Tuesday, February 01, 2005

A Delay In The Proceedings

At the last minute, and quite unexpectedly, the Malaysian authorities decided to suspend the controversial threat to expel hundreds of thousands of undocumented migrant workers. This is welcome news even though there is a lot of uncertainty about what happens next.

The circumstances around the volte-face were a bit bizarre, to say the least. And this is unusual for a government that likes to speak with a single, authoritatve voice. The first indication that the expulsion might not go ahead was when unnamed immigration officials in Johor and Malacca claimed to have receieved verbal or SMS instructions not to proceed via their mobile phones. Only later did some kind of official policy statement emerge. The Malaysian Home Affairs Minister,
Azmi Khalid, adopted a conciliatory tone when he told the BBC that officials were only checking documents and advising "illegal" workers to leave:
We are calling it Operation Advice. This is because we've found the response from the illegal workers to be quite good. A lot of them have gone back to their country on their own accord. If the medicine has been effective, why use a stronger one?
But some of Azmi's subordinates don't seem to have been listening too well. According to Mahadi Arshad, director general of Volunteer Corps (Rela), which is involved in the crackdown, the delay was designed simply to enable authorities to identify possible hiding areas before pouncing. The members of the corps, who are ordinary citizens, are supposed to be rewarded 100 ringgit (about £14) for each undocumented migrant arrested.

Part of the reason for the suspension has been the pleas of neighbours for more time to consider the implications of repatriation of so many people. The Indonesian ambassador to Kuala Lumpur, for example, asked specifically for an extension and the Indonesian parliament is asking the President to intervene directly. The Philippine government made a similar request.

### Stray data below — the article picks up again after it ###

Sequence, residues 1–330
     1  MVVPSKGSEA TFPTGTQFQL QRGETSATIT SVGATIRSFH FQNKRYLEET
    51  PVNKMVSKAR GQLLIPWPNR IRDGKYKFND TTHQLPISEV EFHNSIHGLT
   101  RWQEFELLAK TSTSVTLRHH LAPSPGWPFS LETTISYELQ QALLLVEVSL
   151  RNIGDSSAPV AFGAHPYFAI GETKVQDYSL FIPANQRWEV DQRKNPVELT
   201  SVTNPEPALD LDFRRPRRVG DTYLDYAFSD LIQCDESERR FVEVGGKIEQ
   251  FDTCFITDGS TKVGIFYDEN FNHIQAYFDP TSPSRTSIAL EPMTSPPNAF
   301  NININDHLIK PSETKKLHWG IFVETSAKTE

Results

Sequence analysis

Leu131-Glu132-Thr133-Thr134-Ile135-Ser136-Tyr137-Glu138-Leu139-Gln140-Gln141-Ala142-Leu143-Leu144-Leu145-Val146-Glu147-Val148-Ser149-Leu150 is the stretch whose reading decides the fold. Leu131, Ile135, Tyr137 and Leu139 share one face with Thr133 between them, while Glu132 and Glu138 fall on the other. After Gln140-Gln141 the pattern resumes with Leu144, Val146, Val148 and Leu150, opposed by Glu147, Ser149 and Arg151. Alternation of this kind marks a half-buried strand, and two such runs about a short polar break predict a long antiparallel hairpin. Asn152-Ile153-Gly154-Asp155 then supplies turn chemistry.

The big question, of course, is what happens next. The suspension is unlikely to spark much of a considered debate about how Malaysia might reconsider the whole question of its migration policy though it will give Indonesia and the Philippines some breathing space. For the migrant workers themselves the anxiety over their futures remains. As Irene Fernandez, one of Malaysia's fiercest critics of the ill-treatment of migrant workers says:
"There's something like a dark cloud hanging over migrant workers in Malaysia. There's been a total kind of mismanagement of this whole process".


Blogger spring said...

i came across your blog because i was looking for a translation of berger's mercurial portrait of sontag. then i began to read. i want to read and read. so many crossing overs, threads i have all ready to sew... randy david, eduardo galeano, salgado. the names. one of my students said babies brains are much more sophisticated than a computer's memory or power, but still when i think of berger's description of sontag's consciousness as travelling almost at the speed of light, i want to cry into my computer, because this seems to be the future of words and consciousnesses. my one student today was speaking of travelling fast on his motorcycle. i was encouraging him to make the connection between salam pax, our virtual experiences of war (and images of torture, tsunamis, human trauma) and his own life, but he didn't want to write about going fast. already typing is writing fast. already typing to you, a stranger, who reads like i do, looks out at the world from an outpost, separately. deliverer of messages we need, writes berger. yes. what is it that we can see? can't see? how is it pain leaks through the lens, the words of light, the speed of the virtual? i think of these splittings, the splicings, these injustices and thank you for your words.

8:28 am  

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